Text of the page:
The archaeological remains of early software is but a pittance, but it is enough to give us a brief glimpse of the vast suite of applications available for Neolithic and Celtic computers. Our knowledge of Hyperborean and Cimbrican and Celtic culture can also help us to deduce what other kinds of applications must surely have existed. Below are listed some of the main categories:
Clearly, some operating system was required to run the software applications that ran on these ancient devices. The name "RUNIX" is currently being used to refer to this missing OS, of which very little is known.
No doubt, the Hyperborean, and later the Druids had a great need for Astronomical software, in order to predict the times for annual solstices, equinoxes, solar and lunar eclipses, comets, and the like - all of which were important to cultural activitites.
The popular superstition that the placement of the monoliths (actually CPUs) at Stonehenge was used for this purpose actually has a germ of truth: No doubt, the principal purpose of this massive computer was to compute complex astronomical data.
The ancient Britons embarked on many massive projects of public engineering, such as building computers, and constructing hedges. No doubt, some kind of project management software was required in order to accomplish these complex tasks. "Otherwise," says Dr.Tunalu, "how could they have accomplished anything at all? It's so painfully obvious...."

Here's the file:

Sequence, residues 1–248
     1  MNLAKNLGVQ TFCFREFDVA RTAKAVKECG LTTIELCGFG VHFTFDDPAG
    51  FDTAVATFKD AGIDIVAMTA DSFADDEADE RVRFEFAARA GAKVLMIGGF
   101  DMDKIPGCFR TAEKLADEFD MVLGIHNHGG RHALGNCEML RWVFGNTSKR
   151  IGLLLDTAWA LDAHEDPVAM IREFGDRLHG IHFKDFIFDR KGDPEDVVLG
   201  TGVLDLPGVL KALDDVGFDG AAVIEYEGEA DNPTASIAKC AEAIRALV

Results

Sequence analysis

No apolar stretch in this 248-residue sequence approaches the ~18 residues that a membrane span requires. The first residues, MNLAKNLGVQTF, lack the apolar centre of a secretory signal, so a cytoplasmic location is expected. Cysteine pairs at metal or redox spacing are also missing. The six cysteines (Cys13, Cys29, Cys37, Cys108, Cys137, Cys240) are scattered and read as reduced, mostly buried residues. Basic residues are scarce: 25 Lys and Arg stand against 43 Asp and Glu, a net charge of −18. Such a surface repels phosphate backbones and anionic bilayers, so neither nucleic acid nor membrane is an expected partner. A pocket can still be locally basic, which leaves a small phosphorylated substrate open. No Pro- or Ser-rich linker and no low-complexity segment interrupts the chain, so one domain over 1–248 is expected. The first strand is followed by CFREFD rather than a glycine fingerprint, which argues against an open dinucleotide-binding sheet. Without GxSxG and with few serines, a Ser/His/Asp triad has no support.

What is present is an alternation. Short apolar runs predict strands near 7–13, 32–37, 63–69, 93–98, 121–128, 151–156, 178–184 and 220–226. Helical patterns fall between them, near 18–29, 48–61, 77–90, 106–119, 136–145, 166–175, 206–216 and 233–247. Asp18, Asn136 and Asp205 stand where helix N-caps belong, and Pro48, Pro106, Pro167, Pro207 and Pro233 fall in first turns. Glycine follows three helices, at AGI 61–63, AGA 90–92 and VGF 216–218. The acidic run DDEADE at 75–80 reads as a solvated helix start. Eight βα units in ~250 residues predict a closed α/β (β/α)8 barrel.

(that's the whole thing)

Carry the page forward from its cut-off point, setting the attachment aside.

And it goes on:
The accidental discovery of a Celtic mousepad in Northhamptonshire has provided convincing indirect proof that the Celtics used screen savers and were familiar with the mathematics of the complex plane. The mousepad is decorated with a fancy pattern which has clearly been copied from a fractal, presumeably some part of the Mandelbrot set.
Supercomputeres at the Institute are at this very moment racing to discover exactly which part of the Mandelbrot set the "Desborough fractal" comes from.
"The mere fact that the Celtics knew what a fractal looked like is evidence enough that the Druids were heavy computer users," says Dr. Tunalu. "I can think of no other single piece of evidence as plain and irrefutable as this one. The mere knowledge of the images of the Mandelbrot set implies that someone or something had actually computed those images, which is known to be an monumental task which humans are incapable of performing. In our own century, the discovery of these images by Benoit Mandelbrot was most definitely preceded by the all-important prerequisite that powerful computers exist."
"In the beginning, God created the computer," says Dr. Tunalu, "the following day, man created the computer game. From one invention, the other follows as naturally as pornography follows video tape." As if to confirm this theory, we have an actual program - one of the only surviving pieces of Celtic computer software, "Osric the Stoat".